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Reviewed by:
Peter R. Fleming. A Short History of Cardiology. Clio Medica, vol. 40. Wellcome Institute Series in the History of Medicine. Amsterdam: Editions Rodopi, 1997. xviii + 241 pp. $21.50; Hfl. 35.00 (paperbound).

Peter Fleming, a British cardiologist, has produced a well-written synopsis of the history of heart disease during the past three centuries. He summarizes the main developments in cardiac pathology and physiology and emphasizes how a series of clinical observations, research discoveries, and technological innovations such as the electrocardiograph encouraged some physicians to focus their attention on patients with heart disease early in the twentieth century. To avoid having to deal with “contemporary history” (p. x), the author chose to end his story with 1970.

This small book includes a preface and eighteen chapters, several of which are devoted to categories of illness such as “congenital heart disease,” “ischaemic heart disease,” “rheumatic heart disease,” “infective endocarditis,” and “hypertensive heart disease.” Interspersed with these are six chapters devoted to chronological periods that also emphasize a specific theme, such as “Physical Signs and Physiology: 1819–1860” and “The Arrival of the New Cardiology: 1900–1940.” I especially liked the chapters on the invention and diffusion of auscultation and the early history of angina pectoris. Rather curiously, two chapters are biographical. Of all the possible persons he might have profiled, Fleming chose British physician Peter Mere “Heart” Latham and French physiologist Etienne Jules Marey. The last two chapters, on cardiac catheterization and cardiac surgery, are very short and rather disappointing.

Reviewing hundreds of primary sources, the author does a very admirable job of describing how a better understanding of the pathophysiology of heart disease resulted from a multitude of clinical observations and research findings. He also summarizes the various therapies used to treat patients with known or suspected heart disease. Fleming used an interesting approach to assess what leading British physicians during the second half of the nineteenth century thought aspiring clinicians should know about the heart: he reviewed the cardiological content of the membership examination of the Royal College of Physicians of London from 1859 onward.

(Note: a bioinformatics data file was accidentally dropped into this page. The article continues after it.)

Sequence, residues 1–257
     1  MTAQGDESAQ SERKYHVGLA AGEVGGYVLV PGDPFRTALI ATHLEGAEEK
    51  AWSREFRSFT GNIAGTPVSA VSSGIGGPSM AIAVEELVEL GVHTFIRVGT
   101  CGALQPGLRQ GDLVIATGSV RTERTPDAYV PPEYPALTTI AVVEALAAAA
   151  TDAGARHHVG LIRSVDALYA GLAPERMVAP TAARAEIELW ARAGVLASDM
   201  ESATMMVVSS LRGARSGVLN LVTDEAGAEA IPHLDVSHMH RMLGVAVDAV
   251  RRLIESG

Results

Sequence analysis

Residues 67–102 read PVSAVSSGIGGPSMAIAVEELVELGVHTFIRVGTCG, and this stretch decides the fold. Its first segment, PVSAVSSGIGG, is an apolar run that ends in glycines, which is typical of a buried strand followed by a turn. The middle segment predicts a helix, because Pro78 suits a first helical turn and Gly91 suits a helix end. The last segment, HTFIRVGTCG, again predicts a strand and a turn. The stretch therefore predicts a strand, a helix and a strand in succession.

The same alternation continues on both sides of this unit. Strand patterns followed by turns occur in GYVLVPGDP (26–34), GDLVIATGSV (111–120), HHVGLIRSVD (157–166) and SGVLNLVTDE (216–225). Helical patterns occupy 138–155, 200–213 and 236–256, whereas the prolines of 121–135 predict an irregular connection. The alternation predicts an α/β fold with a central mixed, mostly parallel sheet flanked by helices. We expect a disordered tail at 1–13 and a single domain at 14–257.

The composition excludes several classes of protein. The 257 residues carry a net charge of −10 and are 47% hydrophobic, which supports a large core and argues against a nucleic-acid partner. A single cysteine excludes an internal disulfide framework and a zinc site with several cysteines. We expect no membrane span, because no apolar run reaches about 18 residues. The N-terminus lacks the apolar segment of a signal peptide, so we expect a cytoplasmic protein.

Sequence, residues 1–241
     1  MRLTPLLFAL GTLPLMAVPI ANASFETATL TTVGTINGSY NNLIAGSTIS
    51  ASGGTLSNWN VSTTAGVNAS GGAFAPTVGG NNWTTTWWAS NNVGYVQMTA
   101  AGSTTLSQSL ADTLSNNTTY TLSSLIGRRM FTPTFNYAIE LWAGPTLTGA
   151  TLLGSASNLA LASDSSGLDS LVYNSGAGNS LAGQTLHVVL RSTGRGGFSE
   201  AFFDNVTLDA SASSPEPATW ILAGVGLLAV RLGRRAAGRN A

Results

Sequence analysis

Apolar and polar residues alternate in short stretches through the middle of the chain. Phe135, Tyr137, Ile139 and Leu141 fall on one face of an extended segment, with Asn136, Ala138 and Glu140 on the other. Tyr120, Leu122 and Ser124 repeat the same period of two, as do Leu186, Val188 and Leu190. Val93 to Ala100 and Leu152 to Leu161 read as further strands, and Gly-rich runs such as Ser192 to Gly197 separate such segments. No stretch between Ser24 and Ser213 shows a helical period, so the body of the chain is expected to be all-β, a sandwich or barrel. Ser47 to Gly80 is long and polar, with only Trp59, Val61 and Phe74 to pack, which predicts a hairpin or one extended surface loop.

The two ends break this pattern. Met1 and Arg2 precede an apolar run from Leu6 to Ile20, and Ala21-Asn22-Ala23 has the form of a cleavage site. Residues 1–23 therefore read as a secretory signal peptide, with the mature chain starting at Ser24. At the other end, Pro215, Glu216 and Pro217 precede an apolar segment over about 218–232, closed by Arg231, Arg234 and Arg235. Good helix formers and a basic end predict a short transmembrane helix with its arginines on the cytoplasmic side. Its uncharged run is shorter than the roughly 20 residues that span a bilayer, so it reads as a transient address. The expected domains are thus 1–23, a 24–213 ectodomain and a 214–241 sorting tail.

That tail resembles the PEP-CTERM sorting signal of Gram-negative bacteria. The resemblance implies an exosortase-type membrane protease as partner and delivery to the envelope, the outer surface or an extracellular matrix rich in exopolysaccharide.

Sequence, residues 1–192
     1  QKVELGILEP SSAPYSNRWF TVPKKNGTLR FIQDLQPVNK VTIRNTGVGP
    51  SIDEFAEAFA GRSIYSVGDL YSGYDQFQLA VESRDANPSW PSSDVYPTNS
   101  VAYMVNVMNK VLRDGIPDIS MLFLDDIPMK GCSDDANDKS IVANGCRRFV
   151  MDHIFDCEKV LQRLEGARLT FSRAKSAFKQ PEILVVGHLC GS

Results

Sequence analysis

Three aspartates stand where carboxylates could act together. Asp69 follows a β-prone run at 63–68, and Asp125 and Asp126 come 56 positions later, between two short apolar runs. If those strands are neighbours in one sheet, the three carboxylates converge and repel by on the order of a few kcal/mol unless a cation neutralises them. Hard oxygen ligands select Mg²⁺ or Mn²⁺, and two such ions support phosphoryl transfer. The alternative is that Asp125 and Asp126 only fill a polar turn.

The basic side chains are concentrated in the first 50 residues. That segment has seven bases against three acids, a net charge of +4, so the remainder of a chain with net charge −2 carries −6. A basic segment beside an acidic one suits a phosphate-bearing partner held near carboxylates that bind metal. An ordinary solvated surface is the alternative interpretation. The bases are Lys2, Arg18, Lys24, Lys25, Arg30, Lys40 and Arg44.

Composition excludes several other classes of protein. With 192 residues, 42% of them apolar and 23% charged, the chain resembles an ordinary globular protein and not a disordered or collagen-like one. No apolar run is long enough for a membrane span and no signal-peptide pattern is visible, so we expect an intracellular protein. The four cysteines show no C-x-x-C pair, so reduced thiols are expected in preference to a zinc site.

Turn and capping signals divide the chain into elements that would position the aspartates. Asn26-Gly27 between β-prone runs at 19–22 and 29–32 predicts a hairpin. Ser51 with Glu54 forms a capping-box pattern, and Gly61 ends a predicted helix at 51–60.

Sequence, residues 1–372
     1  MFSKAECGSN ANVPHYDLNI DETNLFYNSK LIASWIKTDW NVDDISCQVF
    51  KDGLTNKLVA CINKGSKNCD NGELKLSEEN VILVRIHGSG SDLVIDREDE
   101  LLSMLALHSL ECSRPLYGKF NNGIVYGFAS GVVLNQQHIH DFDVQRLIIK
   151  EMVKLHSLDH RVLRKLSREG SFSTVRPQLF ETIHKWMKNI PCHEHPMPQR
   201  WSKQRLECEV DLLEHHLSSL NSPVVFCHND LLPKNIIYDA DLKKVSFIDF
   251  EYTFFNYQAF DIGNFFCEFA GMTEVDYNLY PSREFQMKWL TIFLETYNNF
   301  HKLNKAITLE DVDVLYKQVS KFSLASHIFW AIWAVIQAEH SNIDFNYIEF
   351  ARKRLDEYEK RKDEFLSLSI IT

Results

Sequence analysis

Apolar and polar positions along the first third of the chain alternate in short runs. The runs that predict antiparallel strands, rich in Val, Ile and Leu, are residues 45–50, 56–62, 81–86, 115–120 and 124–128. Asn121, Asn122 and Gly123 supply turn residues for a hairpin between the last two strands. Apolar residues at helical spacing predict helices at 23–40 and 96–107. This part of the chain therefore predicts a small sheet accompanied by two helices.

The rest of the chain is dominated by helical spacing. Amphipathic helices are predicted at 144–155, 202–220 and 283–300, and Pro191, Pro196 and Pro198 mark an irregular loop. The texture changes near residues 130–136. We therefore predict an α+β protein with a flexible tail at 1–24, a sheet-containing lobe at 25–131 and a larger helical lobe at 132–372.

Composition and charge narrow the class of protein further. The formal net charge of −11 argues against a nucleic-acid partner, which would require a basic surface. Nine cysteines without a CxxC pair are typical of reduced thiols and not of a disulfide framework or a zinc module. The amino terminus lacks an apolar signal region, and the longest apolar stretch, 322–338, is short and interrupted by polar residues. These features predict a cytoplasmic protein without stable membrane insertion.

Fleming disarms the reviewer by anticipating in his preface a few potential criticisms of this valuable work. He concedes that he paid perhaps too much attention to British contributions, but I found his account on the whole reasonably well-balanced. He acknowledges that he found it rather difficult to avoid writing a history that some would characterize as “Whiggish.” Although his analyses of persons, events, and trends were generally perceptive and reasonable, I thought two of his conclusions were unjustified: that by the early eighteenth century physicians (Raymond Vieussens, Giovanni Maria Lancisi, and Hippolito Francesco Albertini) had produced a “unified concept of heart failure . . . close to that of today” (p. 2), and that by the early nineteenth century “the pathological basis of angina and the concept of myocardial ischaemia” were “firmly established” (p. 24). The title of the first chapter, “Clinical Discipline Emerges: 1680–1760,” [End Page 163] is also problematic: perhaps some seeds were sown then, but by almost any definition, cardiology did not mature into a discipline until the twentieth century.

Although this book does not include illustrations or a bibliography, it contains hundreds of well-chosen references to the primary literature. Between text and notes, I think it is the best available road map to the nineteenth- and early-twentieth-century literature on heart disease. There are also many references to secondary sources. From a careful review of the 747 notes in the body of the book, however, it would appear that Fleming completed his background research by 1990: exclusive of the preface, there are only four references to secondary sources published in the present decade. This is unfortunate, because several useful books and many valuable articles on the history of cardiology have appeared in recent years. Readers seeking a more comprehensive account of the history of cardiology should be aware of Louis Acierno’s 1994 book The History of Cardiology, reviewed in this journal (Bull. Hist. Med., 1995, 69: 323).

Despite these few criticisms, Fleming’s very readable book is a useful guide to the history of heart disease.

W. Bruce Fye
Marshfield Clinic...

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